By John Schaffner
Kirbo Property Services and Childress Klein Properties suffered a setback in its plans to purchase and redevelop the Coronet Club property at 5275 Roswell Road when the Sandy Springs Design Review Board (DRB) voted unanimously Feb. 27 to deny plans for the proposed mixed-use development.
The developer, Tom Kirbo of Kirbo Property Services, had told neighboring residents and DRB members that in order to purchase the property and close the Coronet Club, a strip club that caters to both men and women, the property needed to be rezoned from C-1 (Community Business District) to MIX (Mixed Use District).
The plans were to demolish the existing club and build a new development on the land that would consist of a four-story, 72,000-square-foot building on the front of the property—retail/service commercial businesses on the first floor and offices above—and two five-story buildings behind that with 182 “luxury” apartments, around a courtyard that would have parking below.
The developer had agreed to conform to the city’s 60-foot height limitation on buildings, was providing a 40-foot setback from the Roswell Road, was leaving 40 percent of the property undisturbed on the back, which provides a buffer between the development and the adjacent residential neighborhood, had engaged a traffic engineering firm to study the effects on Roswell Road and recommend solutions had agreed to handle storm water detention underground.
The sticking point with DRB members and surrounding residents was the fact the density of the project far exceeds that allowable for that area under the existing city land use plan.
Kirbo pointed out that the front of the land was originally zoned in the late 1970s a Chi-Chi restaurant and the back is already zoned for four-story office buildings. He expressed the need for the planned density in order to make the project economically feasible. He said the market for the residential component would be young, single professionals.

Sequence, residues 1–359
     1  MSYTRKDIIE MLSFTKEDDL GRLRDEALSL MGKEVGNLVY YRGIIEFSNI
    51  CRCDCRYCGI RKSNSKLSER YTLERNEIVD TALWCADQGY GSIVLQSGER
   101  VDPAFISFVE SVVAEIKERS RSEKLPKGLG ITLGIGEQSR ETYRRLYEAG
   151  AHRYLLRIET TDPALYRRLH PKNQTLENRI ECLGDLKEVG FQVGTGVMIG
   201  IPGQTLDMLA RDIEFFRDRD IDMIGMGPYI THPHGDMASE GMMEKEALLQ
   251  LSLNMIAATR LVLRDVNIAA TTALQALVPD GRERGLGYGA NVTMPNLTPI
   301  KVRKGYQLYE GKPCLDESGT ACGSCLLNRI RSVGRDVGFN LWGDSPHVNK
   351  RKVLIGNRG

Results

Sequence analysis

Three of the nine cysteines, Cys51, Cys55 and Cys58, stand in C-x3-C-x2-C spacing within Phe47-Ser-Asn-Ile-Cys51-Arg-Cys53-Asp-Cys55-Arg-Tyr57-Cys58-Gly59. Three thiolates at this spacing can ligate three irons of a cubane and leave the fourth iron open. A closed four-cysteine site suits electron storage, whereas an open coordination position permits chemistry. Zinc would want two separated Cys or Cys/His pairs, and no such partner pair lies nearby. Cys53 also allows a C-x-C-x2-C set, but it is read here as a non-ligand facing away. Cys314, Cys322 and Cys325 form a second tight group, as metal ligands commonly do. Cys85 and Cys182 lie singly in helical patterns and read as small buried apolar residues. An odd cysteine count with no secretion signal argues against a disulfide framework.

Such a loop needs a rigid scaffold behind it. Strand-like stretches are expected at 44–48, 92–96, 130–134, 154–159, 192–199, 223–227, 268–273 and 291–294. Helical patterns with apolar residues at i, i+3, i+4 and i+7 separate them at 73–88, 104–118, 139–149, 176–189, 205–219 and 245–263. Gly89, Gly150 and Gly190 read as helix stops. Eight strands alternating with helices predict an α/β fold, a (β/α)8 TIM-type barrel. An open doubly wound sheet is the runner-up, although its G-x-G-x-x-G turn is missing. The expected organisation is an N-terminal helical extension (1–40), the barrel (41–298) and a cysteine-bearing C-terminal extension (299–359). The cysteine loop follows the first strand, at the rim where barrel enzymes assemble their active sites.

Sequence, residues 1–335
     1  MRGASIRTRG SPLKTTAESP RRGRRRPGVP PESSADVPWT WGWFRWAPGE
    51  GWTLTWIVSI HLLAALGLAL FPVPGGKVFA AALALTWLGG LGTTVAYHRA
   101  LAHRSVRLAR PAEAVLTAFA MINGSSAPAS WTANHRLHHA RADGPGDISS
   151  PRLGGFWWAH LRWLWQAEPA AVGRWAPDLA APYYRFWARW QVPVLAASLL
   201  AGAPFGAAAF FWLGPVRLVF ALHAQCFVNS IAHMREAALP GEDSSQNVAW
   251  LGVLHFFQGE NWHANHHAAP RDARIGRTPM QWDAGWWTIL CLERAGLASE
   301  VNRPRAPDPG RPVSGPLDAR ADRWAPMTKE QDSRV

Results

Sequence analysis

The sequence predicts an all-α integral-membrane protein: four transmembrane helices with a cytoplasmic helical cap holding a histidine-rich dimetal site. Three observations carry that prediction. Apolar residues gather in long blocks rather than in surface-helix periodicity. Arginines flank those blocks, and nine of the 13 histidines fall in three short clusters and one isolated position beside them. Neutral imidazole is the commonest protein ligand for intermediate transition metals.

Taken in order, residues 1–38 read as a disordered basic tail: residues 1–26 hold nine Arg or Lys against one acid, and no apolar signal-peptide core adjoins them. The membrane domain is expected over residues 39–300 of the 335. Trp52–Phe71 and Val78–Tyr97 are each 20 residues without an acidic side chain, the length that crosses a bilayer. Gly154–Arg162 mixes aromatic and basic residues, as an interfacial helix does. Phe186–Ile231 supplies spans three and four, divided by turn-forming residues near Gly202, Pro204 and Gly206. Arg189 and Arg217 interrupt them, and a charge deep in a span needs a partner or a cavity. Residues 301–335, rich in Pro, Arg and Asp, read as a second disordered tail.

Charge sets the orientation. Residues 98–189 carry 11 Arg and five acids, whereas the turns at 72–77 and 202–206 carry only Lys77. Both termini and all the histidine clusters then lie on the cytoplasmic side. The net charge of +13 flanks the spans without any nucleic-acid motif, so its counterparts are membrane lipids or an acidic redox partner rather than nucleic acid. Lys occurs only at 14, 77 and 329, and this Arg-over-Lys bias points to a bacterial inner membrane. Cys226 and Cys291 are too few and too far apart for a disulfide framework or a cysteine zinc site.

The residential neighbors, as well as the owner of the commercial property immediately north of the Coronet Club tract, disagreed and suggested Kirbo should consider alternative plans.
Nearby resident Janet Wells, who lives on Beechland Drive, told the board members she had suggested to Kirbo developing the property with high-end, boutique retail or possibly a garden-style hotel. She didn’t want the buildings to exceed two-stories in height.
Tom Wells, who lives at 302 Beechland Drive, brought up the concerns over the added traffic from the project, which he said would be 2,280 car trips per day. He said a full traffic study should be done.
Another nearby neighbor, Mark Samples joined several residents at the podium to reinforce that the proposed plan doesn’t meet either the suggested usage or the density of the city’s land use plan.
When the discussion turned to the board members, Yvonne Rizzo summed up her feelings by stating the developers and residents should talk further and “the plan should be redone.”
DRB Vice Chairman Andy Porter, also a developer, told the residents and board members that this property will not be developed with boutique retail in front and two-story office buildings in back, because it is not economically feasible considering the cost of the land.
Following that, Porter moved to deny the development plan as proposed and the board voted unanimously to do just that. Next, the Kirbo plan is scheduled to be discussed at the Planning Commission meeting March 15 at